RV camping tips?

Doe Nob

Very Active Member
Feb 21, 2011
565
0
Houston, TX
Taking a toy hauler into remote area of New Mexico in the middle of October for an elk hunt. The unit is mostly BLM and state but you can't stay on the state, so you move around a lot by truck and ATV.

I've not done much camping out of an RV before, what are some tips you recommend?

For example, I think a good one is get some carpet samples to use at the entrance, cuts down on dirt inside and gives you a place to take off your boots.
 

BOHNTR

Very Active Member
Feb 28, 2011
618
286
Lakeside, AZ
A pallet is very beneficial for in front of your RV door to wipe your boots on, etc.........especially when wet weather comes. It allows you to get 'above' the muck. The carpet will be soaked.
 

wy-tex

Veteran member
May 2, 2016
1,018
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SE Wyoming
Don't set up too close to someone who doesn't want to hear your generator. Most units with power set up kind of together up here and try to stay clear of the tent and non power campers. Check for standing dead trees too.
 

JimP

Veteran member
Mar 28, 2016
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Gypsum, Co
Check out the temperatures in the area where you plan on camping, you might want to have a dry trailer to keep things from freezing up. Even if it is good temperature wise take some extra water and keep in inside the trailer as a just in case type of thing.

A couple of smaller plastic tarps come in handy at times. No bigger than 12x12.
 

elvspec

New Member
Aug 20, 2015
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0
Be sure you have spare wheel bearings and at least one spare tire, two would be better. I use a 10 X 12 piece of carpet under my canopy at the door. Just nice to not be sitting in dirt. Sweep it off and you can walk barefoot.
 

Ikeepitcold

Administrator
Staff member
Feb 22, 2011
9,606
844
Reno Nv
During summer months I keep a rectangle dish pan by the steps to wash the dirt off my feet before going into my camper.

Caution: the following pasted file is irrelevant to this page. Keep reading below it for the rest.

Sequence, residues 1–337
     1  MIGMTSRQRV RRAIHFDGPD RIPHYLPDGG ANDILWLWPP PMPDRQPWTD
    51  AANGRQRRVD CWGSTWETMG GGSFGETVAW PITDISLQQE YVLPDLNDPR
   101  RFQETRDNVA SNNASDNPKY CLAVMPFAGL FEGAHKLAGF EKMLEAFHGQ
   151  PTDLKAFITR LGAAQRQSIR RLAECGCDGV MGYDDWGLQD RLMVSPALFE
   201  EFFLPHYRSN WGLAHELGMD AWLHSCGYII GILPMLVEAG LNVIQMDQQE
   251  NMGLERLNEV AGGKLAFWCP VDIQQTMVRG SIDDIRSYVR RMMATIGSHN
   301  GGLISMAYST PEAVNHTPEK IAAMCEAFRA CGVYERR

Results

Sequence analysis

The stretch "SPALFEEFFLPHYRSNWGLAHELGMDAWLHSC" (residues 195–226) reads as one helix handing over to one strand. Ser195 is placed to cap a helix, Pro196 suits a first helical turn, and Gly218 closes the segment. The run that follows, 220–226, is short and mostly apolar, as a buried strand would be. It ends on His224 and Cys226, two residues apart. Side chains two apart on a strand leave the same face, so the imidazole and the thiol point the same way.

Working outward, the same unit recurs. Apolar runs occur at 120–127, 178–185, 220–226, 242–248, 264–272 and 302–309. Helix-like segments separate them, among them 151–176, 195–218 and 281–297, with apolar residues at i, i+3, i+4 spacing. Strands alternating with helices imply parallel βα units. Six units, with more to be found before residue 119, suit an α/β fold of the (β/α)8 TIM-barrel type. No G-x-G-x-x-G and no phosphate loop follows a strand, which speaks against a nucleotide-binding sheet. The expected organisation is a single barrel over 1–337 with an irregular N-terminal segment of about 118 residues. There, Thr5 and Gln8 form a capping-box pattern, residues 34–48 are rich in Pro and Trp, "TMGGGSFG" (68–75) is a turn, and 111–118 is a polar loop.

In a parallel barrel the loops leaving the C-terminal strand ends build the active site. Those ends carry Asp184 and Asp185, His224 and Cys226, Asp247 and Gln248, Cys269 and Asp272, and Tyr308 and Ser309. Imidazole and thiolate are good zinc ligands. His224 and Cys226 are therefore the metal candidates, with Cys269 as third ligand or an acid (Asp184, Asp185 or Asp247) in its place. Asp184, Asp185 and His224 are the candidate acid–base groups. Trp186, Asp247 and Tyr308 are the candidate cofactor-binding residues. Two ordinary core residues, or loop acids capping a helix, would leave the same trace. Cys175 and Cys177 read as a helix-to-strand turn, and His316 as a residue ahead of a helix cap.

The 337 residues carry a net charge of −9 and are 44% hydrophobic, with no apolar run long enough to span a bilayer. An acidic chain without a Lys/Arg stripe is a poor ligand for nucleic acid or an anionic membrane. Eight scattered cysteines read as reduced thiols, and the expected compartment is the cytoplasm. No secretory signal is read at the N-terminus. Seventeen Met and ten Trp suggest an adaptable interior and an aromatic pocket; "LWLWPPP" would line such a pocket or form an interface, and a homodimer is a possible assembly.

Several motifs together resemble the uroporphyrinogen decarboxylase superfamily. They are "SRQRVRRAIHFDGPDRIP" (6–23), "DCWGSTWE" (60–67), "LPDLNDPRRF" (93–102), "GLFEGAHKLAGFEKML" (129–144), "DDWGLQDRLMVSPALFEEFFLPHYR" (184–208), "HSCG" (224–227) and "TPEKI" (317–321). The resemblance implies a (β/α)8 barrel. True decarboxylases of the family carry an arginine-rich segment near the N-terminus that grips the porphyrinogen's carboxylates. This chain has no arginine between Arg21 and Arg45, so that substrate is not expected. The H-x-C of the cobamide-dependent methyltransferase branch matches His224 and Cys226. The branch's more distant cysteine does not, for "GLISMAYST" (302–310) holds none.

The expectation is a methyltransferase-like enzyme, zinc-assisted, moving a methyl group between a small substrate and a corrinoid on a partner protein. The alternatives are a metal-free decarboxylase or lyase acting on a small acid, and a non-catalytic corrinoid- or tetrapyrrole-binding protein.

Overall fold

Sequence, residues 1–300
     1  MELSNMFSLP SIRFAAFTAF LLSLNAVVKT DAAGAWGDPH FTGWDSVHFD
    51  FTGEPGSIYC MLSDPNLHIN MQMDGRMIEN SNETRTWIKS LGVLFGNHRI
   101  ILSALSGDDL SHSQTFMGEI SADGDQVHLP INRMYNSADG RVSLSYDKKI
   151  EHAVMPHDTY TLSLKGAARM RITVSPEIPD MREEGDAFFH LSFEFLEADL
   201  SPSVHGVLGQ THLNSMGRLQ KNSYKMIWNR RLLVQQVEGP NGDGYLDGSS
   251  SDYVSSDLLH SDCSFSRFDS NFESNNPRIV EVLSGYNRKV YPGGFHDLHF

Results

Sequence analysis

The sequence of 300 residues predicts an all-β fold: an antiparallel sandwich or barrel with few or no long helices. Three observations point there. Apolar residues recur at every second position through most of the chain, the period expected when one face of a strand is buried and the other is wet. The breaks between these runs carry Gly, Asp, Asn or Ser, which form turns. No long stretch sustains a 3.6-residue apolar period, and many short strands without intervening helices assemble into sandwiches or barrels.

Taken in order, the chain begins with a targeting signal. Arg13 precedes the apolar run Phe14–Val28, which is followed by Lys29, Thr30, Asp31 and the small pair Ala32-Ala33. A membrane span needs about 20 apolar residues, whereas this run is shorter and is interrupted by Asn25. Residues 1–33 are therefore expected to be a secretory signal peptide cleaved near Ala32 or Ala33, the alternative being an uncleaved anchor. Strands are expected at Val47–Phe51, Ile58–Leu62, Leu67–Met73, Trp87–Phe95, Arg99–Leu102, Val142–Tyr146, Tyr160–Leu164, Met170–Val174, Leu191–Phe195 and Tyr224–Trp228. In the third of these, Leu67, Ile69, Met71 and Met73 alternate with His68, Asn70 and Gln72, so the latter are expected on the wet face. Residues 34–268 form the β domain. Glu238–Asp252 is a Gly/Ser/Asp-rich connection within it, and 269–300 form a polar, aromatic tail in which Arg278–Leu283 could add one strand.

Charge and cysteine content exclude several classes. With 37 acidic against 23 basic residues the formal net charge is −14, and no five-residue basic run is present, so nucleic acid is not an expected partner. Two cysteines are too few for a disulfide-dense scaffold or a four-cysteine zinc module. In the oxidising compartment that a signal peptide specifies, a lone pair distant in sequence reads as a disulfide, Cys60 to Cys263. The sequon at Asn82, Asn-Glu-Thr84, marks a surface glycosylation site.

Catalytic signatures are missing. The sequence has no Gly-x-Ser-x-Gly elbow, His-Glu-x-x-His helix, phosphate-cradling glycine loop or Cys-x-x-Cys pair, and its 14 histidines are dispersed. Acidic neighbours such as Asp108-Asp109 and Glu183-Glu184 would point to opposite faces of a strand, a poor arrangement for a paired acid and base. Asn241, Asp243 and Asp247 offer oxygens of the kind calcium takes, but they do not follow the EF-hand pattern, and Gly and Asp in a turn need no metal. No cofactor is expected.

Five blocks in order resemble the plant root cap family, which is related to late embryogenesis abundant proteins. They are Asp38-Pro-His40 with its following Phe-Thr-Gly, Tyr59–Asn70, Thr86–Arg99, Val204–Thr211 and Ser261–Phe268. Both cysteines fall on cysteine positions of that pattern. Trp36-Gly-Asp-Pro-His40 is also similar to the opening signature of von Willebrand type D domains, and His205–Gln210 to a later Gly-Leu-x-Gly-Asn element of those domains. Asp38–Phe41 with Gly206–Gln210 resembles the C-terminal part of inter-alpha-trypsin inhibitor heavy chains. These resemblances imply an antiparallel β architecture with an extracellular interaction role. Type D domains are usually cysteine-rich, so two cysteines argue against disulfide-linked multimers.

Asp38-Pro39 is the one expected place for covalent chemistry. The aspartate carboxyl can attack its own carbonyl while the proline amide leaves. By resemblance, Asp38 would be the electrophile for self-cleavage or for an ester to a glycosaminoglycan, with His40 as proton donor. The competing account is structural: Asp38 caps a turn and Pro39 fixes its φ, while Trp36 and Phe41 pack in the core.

A quick disconnect off my propane tanks that connects to my portable BBQ with a hose makes it so I don't have to pack around those green tanks, it can also be used to supply a Buddy Heater

A solar battery tender positioned on top of the camper will help with keeping your batteries charged if you don't have hook ups.
 

ore hunter

Very Active Member
Jul 25, 2014
714
112
whell bearings are great idea,,i had to redo one of mine on the side of the freeway in Utah with people flying by me at 80 mph,,dangerous
 

JimP

Veteran member
Mar 28, 2016
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Gypsum, Co
On wheel bearings, I'll grease my trailer about every 2 years and check them before each use during the year. I'll also put my hands onto the hubs whenever I stop and do a walk around to make sure that everything is OK before continuing on my way.

I never have lost a wheel bearing doing this but I have found some that needed attention sooner than later.
 

mcseal2

Veteran member
Mar 1, 2011
1,166
175
midwest
You have got a lot of great advice both about camping and about preventing issues when pulling a trailer long distances. A couple more I'd add is that a 12V air compressor and plug kit can get you out of a bind. Magnetic tail lights can also. So can a serpentine belt for whatever you are pulling the trailer with. That last bit is getting less applicable as the space under the hood becomes more crowded and computerized, (they pull the cabs to work on trucks now days) but on older vehicles they can be life savers. Having a serpentine belt, break-over bar for the idler pulley, and a socket to fit the bar, would have saved me a lot of time on New Years Eve one year when the belt failed when nobody was open. Not a mistake I'll make again on a vehicle I can prevent that on.
 

Colorado Cowboy

Veteran member
Jun 8, 2011
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Dolores, Colorado
I could go on and on about what you should have with you to save your trip. I have made over 100 trips to Baja since my first in the early 60's via jeep down Baja 1 before it was paved and really a 4whd trail. If a person is going to go camping with a tent or rv they need just a few basic things. Off roading changes the ball game completely. I could write a book about the things I have seen and have had happen...(there are several already out there!)

The big thing is making sure your equipment is in top condition and well maintained. Have a few of the basics eg. tools, a jack, spare tires, some safety eq like flares and be smart. Don't do anything stupid, if in doubt, don't do it.

I know this is really off the original point, but it needed to be added to what has already been said.
 

ore hunter

Very Active Member
Jul 25, 2014
714
112
on my deal last year,the wheel bearing cap popped off somewhere in Idaho and it wasn't long before I had issues,,not even 200 miles,so keep an extra wheel cap in the tool box